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The Chapter that is most relevant to this question is Chapter Twenty One, which narrates the increasing influence that the missionary, Mr. Brown is gaining in the community. As Mr. Brown talks more and more with Akunna and gains more knowledge about the world view of the tribe, he realises that a "frontal attack" on this belief system will not work, and so he tries a subtler attack using education as his principle method. He builds a school in the community and Mr. Brown asks families to send their children there, saying that learning to read and write would make them future leaders of the land. Education and the way that it was shown to result in social advancement therefore became a key policy helping to expand Christianity. In the story, you can note the impact of this policy and how it helped spread Christianity in the quote about "the white man's medicne":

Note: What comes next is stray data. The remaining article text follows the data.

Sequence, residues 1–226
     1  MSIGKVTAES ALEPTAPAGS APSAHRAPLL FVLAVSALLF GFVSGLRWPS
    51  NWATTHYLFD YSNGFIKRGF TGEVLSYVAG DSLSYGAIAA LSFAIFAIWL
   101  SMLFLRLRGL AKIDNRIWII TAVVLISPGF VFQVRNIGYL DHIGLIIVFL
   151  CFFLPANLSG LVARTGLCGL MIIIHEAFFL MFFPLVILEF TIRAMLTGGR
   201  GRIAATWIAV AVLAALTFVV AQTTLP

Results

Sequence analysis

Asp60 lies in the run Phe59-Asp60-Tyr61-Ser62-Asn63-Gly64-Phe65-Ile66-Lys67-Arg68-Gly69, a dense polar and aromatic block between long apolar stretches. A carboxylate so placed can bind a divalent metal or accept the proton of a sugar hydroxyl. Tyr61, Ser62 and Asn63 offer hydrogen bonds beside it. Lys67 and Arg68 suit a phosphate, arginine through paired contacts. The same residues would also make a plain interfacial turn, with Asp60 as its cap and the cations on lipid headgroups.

And it was not long before the people began to say that the white man's medicine was quick in working. Mr. Brown's school produced quick results. A few months in it were enough to make one a court messenger or even a court clerk. Those who stayed longer became teachers; and from Umuofia labourers went forth into the Lord's vineyard. New churches were established in the surrounding villages and a few schools with them. From the very beginning religion and education went hand in hand.
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